Some diving photos
from the picture collection

If you have any diving pictures that you would like placed in the Gallery
please feel free to email them to me with a short description of what they're about.
I will be happy to display them for you.

Last updated 9th May 2004



Latest digital pictures taken   14th September 2003

Latest Digital Photos Taken       March 2004

Latest Digital Photos Taken     9th May 2004




Me after a long deco, back in the days of open circuit wreck diving This was taken after diving the "Elyus E" a fishing trawler lying in 55metres (180 feet) of water of the coast of Townsville.

This picture has a lot of meaning when you dive
deep on air. As soon as I saw this picture I could relate immediately what its like when you are battling a narc hit when deep on air. I can remember one such dive hanging off the tyres at the stern of the trawler saying to myself focus, focus, focus ;-)) I spotted it on a web site and did some mods to it and put both Franks and my name on the characters. The trawler was called by mistake in the newspaper as the Dallas D. And hence the name of the wreck at the bottom. I believe the original picture was part of a calendar, I would love to get a copy if anyone recognizes this picture please drop me an email.



Pool testing the Dolphin CCR
After all the theory and thought it was time to do the pool testing to see if the thing would actually work. This consisted in swimming around the pool as fast as I could without fins to drive up the work effort, and at the same time working the loop pp02 to see how it would behave. I was extremely pleased to see it worked faultlessly, but the real workout of course is in the ocean.



L to R Kerry McKenzie
Frank Feather & Brian Nadwidny
Diving at Lake Eacham in North Queensland, this lake is 67 meters deep and was originally
a crater of a volcano. It is an interesting dive with lots of native marine life to see in the first 30 m after that its lights and lots of mud!


Franks and my Rebreather next to Ross's twins
My dive buddy Frank Feather's rebreather next to mine, with Ross Rockstro's twin 100's
on the far right. We get 4-5 hours on our rebreathers regardless of depth which is equal
to about three sets of twins on open circuit.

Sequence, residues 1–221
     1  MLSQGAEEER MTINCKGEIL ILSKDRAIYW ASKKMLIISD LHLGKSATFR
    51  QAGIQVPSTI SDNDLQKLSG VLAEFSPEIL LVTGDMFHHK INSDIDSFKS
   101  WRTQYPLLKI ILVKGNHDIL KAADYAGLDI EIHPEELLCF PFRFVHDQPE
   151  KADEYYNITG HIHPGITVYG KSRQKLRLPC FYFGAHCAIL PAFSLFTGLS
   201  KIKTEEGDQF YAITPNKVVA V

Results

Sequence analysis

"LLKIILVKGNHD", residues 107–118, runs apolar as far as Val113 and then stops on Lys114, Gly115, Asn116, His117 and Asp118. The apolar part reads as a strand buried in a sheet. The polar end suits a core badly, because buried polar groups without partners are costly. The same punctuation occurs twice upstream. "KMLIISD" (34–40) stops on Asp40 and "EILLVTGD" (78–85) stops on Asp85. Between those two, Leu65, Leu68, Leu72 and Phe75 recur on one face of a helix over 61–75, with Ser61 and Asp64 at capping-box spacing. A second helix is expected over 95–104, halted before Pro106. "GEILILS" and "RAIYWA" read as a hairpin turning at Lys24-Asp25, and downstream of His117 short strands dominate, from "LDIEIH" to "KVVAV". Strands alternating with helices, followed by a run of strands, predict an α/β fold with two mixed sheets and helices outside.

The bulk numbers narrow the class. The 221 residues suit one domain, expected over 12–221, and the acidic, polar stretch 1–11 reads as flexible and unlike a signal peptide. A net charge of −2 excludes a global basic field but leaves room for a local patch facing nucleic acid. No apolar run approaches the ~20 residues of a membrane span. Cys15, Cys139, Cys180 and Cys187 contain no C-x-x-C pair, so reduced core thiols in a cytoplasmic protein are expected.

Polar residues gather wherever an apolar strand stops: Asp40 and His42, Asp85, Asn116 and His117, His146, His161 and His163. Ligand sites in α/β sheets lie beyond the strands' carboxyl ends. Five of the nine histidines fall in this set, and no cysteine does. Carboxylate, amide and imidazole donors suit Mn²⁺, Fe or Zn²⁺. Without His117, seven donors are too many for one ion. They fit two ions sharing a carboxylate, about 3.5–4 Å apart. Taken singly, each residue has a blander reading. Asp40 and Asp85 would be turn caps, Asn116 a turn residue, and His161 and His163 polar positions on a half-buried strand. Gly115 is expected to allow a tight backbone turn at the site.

Danny Cross diving his Atlantis in Sydney Harbour
Dan is a mate from Sydney (originally from New Orleans) who is a keen rebreather diver when he's not running his restaurant The New Orleans Cafe, if your in Crows Nest Sydney
you should check it out! You cant eat, drink and talk rebreathers at the same time :-))



Frank Feather first time CCR in lake Eacham NQ Australia
This worked really well but Frank was not entirely happy with the manual only injection system I was employing at the time.


Me trying to get my fingers bitten Bowen NQ
 I was on my breather and found a baby Moray Eel, I was trying to coax him out of his home for a better look but he wouldn't be in it. Photo taken by Mark Carney



How to relax in the tropics after a dive.
Frank Feather and myself relaxing after another wonderful dive at "The Rocks".
This is a rocky stretch of coastline off Magnetic Island 5 miles off the coast from Townsville where I live. This spot has the biggest Queensland Grouper I have ever seen.....I kid you not! One is around the size of a small car and needs to be approached with a degree of caution. The only other spot I have seen Grouper the same size or bigger is on the Yongala Wreck just south of Townsville.




Frank Feather, Barry Gill & me diving off Townsville This was one of those one off shots that we all thought wasn't going to work, trying to line up the digital camera from behind a salt laden windscreen of the boat, then set the auto exposure and get back in position with dive kit on before it went off!   Lucky shot;-))





Mike Wescombe-Downs diving a Lar V1 military O2 rebreather in South Australia

Those of you out there may know Mike who designed and built the Shark Shield






Left is Frank Feather, Brian Nadwidny, and me after completing a weekend of diving the wrecked fishing Trawler "Elyus E".
She lies in 55 meters (180 feet) of water off the coast of Townsville and we would usually spend 20 minutes bottom time on her.
However we did cut some tables using Will Smithers Z planner and put in 30 minutes on the bottom. It is a very nice wreck to dive when the conditions are right and and there is heaps of marine life on the wreck.



This is Ross Rockstro another buddy who dives with us.
Can you notice something odd about this picture, look closely
and you will see he is wearing sneakers on this particular dive.
It is in the shark tank at the Great Barrier Reef Marine Park Aquarium in Townsville. (nice one Ross!)



This is a shot of the beach on Polorus Island
Polorus Island is the northern most island in the Palm Island group and are situated 60klms
north of Townsville. Below is another shot from the rain forest edge where is meets the ocean. A large fringing coral reef is just off the beach and drops down to a sandy flat before dropping off again to a 30m (100ft) channel.










The local dive club have been going to this spot to camp for many years and makes for a wonderful weekend of diving and relaxing in the sun. Diving is good here all year round. Below are a few club shots from camping weekends.
One of the driving forces in the dive club Ken Garnett

Left Ken preparing to go for a dive. Right, there's been many a good joke told around the camp fire on these trips.




Jeff Freeborne with the task of filling scuba tanks.










Australia Day Long weekend Frank and I plus partners camped on Polorus
Right is a shot of the magic sunsets we had including our boat moored off the edge of the reef.


This shot is of Simon Hadwin from Sydney shown here returning from a dive. Simon owns an Atalntis and also a Buddy Inspiration being dived in photo.

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